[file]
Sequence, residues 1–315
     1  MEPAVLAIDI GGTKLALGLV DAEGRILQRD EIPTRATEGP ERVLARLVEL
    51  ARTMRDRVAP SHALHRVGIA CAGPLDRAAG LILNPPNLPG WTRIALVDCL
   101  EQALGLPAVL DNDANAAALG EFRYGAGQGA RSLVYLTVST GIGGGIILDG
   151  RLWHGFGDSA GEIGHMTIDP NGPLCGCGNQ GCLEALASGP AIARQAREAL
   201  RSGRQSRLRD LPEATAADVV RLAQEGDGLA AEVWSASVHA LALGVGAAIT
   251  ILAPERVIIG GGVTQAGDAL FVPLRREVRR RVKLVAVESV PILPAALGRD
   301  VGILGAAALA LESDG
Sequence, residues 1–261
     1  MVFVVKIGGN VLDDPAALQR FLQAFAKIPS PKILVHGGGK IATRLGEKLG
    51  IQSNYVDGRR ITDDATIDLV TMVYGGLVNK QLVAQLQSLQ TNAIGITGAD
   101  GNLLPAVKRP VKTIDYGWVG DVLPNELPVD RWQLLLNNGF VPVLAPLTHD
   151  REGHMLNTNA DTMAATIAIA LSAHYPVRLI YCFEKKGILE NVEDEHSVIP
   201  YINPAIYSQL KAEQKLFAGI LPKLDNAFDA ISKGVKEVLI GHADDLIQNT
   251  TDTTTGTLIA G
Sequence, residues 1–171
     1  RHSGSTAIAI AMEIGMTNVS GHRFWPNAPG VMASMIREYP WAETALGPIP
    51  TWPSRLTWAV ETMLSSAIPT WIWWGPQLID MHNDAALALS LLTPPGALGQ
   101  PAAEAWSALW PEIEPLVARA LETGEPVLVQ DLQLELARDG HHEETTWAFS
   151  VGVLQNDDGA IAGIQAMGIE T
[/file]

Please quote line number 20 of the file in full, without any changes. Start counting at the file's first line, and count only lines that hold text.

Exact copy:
   151  VGVLQNDDGA IAGIQAMGIE T